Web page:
WASHINGTON — Retired State Department employee Walter Kendall Myers and his wife, Gwendolyn, told friends they had summer plans to take their 37-foot yacht north last weekend, up the picturesque coastline to New England.
Instead, the couple waits in a federal jail for trial, charged with 30 years of spying on the United States for the country's longtime antagonist, the Communist regime of Cuba.
And friends and colleagues are left to reconcile the gregarious, well-read couple they knew with federal charges that allege a life of duplicity -- of shadowy intrigue involving coded messages to Havana and clandestine contacts with Cuba's spy agency.
"They were always very personable. Gwen told me about the yacht they were having built by this company in the Netherlands, that Kendall had retired," said Woody Reagan, who lived upstairs from the couple for more than a decade in The Westchester, a fashionable co-op near The National Cathedral.
Sign Up and Save
Get six months of free digital access to The Idaho Statesman
"They were planning to sail the Caribbean," he said. "I didn't know they'd be saying hi to Fidel. They never discussed politics."
Even as Secretary of State Hillary Rodham Clinton ordered an assessment of any national security damage the couple may have caused, a week of interviews with those who knew them said they never mentioned Cuba.
Myers -- who goes by Kendall -- had two grand passions: Europe and sailing. Gwendolyn was an avid sailor, too.
In court Wednesday, but for matching navy blue jail uniforms, they looked like any other retirees, tan and thin. Kendall Myers had his trademark thick white walrus mustache and a bit of an academician's air. Next to him sat Gwendolyn, petite, with blonde hair turning to gray.
None of those interviewed detected the fawning affection for Fidel Castro ascribed to the couple in court documents -- Myers gushing after a 1978 visit to Cuba that Castro was a ‘‘brilliant and charismatic leader," and decades later talking in a sting operation of a desire to sail "home'' to Havana and teach at Cuba's intelligence school.
The FBI alleges long-standing ties to Cuba, saying in an affidavit that the pair agreed to spy after a Cuban diplomat from the country's mission to the United Nations visited them in South Dakota in 1979 or 1980. He had earlier invited Kendall Myers to visit the island, and Myers did so in 1978, praising the Cuban revolution in a diary the FBI uncovered.
A Washington, D.C., native, Kendall Myers traced his family's roots through Gilbert Grosvenor, president of the National Geographic Society, to great-grandfather Alexander Graham Bell, inventor of the telephone. At one time, the family had an estate in Miami's Coconut Grove neighborhood, near Kampong, the estate owned by the renowned botanist David Fairchild.
Myers earned a doctorate in European Studies from Johns Hopkins University's prestigious School of Advanced International Studies, or SAIS, in 1972. His dissertation: ‘‘A Rationale for Appeasement," on Britain's policy toward Nazi Germany before World War II.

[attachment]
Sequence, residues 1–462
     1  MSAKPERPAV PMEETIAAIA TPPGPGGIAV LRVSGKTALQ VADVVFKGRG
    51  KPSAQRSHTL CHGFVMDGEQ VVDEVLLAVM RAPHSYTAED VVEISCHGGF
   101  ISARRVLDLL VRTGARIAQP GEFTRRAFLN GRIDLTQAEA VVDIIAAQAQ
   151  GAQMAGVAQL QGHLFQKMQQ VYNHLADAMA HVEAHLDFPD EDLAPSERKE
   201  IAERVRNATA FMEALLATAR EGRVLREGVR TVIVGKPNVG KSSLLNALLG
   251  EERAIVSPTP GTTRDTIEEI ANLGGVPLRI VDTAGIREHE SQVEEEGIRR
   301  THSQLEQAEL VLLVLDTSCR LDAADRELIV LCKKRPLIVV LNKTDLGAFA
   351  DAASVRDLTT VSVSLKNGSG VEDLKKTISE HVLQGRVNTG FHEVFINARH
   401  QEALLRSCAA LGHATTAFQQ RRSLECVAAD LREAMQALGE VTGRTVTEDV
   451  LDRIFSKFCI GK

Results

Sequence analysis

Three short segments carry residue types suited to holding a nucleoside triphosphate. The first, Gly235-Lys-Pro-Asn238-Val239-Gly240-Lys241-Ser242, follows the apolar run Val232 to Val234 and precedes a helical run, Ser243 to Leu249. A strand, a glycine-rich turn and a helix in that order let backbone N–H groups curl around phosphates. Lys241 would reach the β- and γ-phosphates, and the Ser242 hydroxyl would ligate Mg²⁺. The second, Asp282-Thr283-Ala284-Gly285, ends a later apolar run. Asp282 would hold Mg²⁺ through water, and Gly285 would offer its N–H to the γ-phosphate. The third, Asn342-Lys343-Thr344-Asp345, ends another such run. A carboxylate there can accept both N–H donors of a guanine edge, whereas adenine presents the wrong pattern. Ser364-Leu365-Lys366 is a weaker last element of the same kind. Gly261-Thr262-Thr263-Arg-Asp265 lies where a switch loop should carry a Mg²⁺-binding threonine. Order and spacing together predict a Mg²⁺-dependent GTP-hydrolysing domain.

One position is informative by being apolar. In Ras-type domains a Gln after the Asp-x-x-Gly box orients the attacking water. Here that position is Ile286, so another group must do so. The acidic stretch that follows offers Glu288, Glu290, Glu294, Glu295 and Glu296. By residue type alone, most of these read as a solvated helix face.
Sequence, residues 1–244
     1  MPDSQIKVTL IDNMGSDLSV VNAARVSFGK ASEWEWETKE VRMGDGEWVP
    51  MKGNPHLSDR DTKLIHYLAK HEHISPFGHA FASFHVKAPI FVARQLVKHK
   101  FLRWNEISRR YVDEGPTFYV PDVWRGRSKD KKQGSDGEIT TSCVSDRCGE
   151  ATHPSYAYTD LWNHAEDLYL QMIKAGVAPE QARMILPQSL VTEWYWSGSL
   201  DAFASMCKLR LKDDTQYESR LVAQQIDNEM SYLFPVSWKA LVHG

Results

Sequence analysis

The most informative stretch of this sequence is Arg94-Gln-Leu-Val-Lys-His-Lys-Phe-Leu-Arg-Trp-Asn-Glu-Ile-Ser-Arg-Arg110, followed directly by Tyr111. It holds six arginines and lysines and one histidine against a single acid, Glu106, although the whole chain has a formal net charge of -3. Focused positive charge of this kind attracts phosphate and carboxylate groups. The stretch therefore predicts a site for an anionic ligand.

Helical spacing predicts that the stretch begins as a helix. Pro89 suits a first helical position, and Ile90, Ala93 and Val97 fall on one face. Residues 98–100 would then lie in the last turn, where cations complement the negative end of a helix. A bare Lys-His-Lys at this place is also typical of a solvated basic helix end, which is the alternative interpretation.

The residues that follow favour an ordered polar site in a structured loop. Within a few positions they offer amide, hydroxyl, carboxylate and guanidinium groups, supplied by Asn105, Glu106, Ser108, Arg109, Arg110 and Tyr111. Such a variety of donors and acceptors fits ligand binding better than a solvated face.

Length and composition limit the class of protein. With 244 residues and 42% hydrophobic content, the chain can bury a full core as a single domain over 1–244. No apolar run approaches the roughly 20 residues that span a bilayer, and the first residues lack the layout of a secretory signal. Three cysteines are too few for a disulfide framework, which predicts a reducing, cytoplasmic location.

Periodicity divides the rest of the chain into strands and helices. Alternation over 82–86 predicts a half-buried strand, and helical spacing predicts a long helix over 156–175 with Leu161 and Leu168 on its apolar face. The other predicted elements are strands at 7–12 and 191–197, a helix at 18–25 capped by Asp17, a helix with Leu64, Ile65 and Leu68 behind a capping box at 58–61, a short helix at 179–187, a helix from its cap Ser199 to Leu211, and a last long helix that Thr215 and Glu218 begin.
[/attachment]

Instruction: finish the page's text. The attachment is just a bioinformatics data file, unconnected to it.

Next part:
Records suggest the years preceding his involvement with Cuba were turbulent. Myers in 1975 crashed his car in Washington, killing a 16-year-old girl, The Washington Post reported. In 1977, he divorced the mother of his son and daughter.
He got a job at the State Department, his on-again, off-again employer for 30 years, working first as a contract instructor at the Foreign Service Institute, a training program that prepares diplomats for overseas assignment with history, politics and language classes.
What led him for a brief time to South Dakota, and the woman who would become his next wife and alleged partner in espionage, is not known. A South Dakota newspaper says that Gwendolyn Steingraber, a former legislative aide to then-South Dakota Sen. James Abourezk, was working at a state public utilities authority. Kendall Myers was writing a biography about Neville Chamberlain, friends of Gwendolyn's told The Sioux Falls Argus Leader. Chamberlain is the former British prime minister and diplomat widely blamed for Britain's police of appeasement toward Nazi Germany, which failed to avert World War II.
By 1980, the couple returned to Washington, where Gwendolyn found work as an analyst at Riggs National Bank. They married in 1982 and Kendall Myers began working again for the State Department -- at the urging of the Cuban government, the FBI affidavit says.
Across those years, Myers was an adjunct professor at the School of Advanced International Studies, a Washington institution along Embassy Row.
Former students say they, too, saw no signs of a secret life. There were "no hints whatsoever," said 2009 graduate Aki Kachi, 27, who took Myers' Modern British Politics Course. "He never mentioned Latin America."
"It was clear he wasn't really a fan of Margaret Thatcher," Kachi said. "But you don't have to be a Communist to not be a fan of Margaret Thatcher."
At the State Department, Myers moved from the Foreign Service Institute to what would become an eight-year stint as an analyst at the Bureau of Intelligence and Research.
A fellow State Department retiree, Wayne White, said Myers' area of expertise -- Western Europe -- was rarely in the spotlight, so his colleague often found himself relegated to rounding up speakers for new employee orientation classes.
White, who considered Myers "affable, gregarious and incredibly pleasant," said he and co-workers are bewildered at the notion that Myers would "develop a sympathy for an otherwise loathsome Communist regime."